There are lots of other characters to round out the plot, lovely and loathsome to give a fun balance, and there is a refreshing mix of funny moments with some serious topics, a huge dash of romance and a sexy frisson as well. It really makes a tasty summer cocktail of a read which will tickle your reading tastebuds and give you a happy rush by the end. I absolutely loved it all, but the real pleasure was feeling that I had truly taken a trip to Croatia without having to leave the house. As a writer, I can see the skill that has gone in to this book and I am in awe.

I defy anyone to pick up this book and not finish it without a big smile on their face and a happy heart. The perfect romantic, summer read, I was very sad when it was over. Big high five from me, I cannot recommend it highly enough.

The Secret Cove in Croatia is out today as an ebook and in paperback on 22 August and you can buy a copy here.

About the Author

The Secret Cove Author

Jules Wake announced at the age of ten that she planned to be a writer. Along the way she was diverted by the glamorous world of PR and worked on many luxury brands, taking journalists on press trips to awful places like Turin, Milan, Geneva, Paris, Brussels and Amsterdam and occasionally losing the odd member of the press in an airport. This proved fabulous training for writing novels as it provided her with the opportunity to eat amazing food, drink free alcohol, hone her writing skills on press releases and to research European cities for her books.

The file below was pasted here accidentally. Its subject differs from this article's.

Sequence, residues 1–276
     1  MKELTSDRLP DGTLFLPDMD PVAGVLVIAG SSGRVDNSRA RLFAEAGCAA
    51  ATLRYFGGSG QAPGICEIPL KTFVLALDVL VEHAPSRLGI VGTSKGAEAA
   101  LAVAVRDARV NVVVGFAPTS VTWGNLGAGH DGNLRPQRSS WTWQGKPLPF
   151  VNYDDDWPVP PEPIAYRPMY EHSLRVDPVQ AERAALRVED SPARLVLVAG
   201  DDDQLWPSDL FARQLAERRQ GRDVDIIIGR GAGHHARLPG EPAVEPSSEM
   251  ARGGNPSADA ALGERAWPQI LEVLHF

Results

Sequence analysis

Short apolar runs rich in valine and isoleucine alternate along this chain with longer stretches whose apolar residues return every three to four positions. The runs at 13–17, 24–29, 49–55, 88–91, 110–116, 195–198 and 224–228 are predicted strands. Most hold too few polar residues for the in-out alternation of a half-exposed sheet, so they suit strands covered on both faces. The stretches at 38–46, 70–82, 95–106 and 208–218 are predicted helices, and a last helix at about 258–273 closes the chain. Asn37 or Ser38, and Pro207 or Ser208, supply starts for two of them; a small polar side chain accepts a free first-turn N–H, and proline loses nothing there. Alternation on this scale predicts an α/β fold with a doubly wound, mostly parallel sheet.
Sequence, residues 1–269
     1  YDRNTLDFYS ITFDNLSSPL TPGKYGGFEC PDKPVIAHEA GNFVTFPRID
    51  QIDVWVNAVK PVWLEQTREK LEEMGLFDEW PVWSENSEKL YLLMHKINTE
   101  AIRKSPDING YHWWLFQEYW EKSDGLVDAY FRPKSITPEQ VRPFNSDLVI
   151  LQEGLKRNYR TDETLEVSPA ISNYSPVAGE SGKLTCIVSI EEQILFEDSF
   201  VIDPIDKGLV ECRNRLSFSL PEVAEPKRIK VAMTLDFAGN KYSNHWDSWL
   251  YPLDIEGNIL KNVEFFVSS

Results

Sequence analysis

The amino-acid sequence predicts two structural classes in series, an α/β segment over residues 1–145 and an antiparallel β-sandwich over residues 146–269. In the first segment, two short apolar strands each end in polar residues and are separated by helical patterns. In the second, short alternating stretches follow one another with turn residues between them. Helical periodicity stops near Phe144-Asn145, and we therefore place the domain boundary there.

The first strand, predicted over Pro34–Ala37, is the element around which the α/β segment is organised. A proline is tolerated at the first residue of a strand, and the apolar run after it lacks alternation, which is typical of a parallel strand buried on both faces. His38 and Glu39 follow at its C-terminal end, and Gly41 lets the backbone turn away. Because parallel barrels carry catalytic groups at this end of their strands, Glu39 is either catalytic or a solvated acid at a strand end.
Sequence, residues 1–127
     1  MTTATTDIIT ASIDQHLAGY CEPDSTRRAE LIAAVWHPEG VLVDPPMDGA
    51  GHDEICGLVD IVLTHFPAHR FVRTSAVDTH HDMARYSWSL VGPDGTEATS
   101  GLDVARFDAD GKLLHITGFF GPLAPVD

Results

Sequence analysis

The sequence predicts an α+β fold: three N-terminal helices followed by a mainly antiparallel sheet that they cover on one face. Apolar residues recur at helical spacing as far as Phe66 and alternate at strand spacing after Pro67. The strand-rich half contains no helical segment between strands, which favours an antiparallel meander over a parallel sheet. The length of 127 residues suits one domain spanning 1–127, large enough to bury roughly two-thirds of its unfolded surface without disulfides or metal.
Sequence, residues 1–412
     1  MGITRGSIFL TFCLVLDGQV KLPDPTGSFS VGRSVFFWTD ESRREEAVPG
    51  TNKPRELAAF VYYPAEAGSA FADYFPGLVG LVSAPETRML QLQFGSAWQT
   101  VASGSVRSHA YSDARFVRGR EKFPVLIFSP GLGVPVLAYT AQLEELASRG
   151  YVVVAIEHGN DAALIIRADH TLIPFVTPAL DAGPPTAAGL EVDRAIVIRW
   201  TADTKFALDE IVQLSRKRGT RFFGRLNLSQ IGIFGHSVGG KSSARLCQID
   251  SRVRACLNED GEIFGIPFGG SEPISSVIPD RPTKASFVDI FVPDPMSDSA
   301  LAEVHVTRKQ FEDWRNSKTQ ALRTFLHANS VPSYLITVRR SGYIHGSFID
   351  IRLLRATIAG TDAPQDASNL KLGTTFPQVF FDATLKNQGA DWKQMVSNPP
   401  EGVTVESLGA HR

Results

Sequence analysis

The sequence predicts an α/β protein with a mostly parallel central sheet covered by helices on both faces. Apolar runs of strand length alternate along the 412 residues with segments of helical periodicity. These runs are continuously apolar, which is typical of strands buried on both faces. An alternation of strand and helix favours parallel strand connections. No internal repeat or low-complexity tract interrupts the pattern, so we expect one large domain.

She writes best-selling warm-hearted contemporary fiction for HarperImpulse.

Under her pen name, Julie Caplin, her twelfth novel, The Secret Cove in Croatia published in ebook format this July.

Connect with Jules:

Website: http://www.juleswake.co.uk

Facebook: Julie Caplin Author

Twitter: @JulieCaplin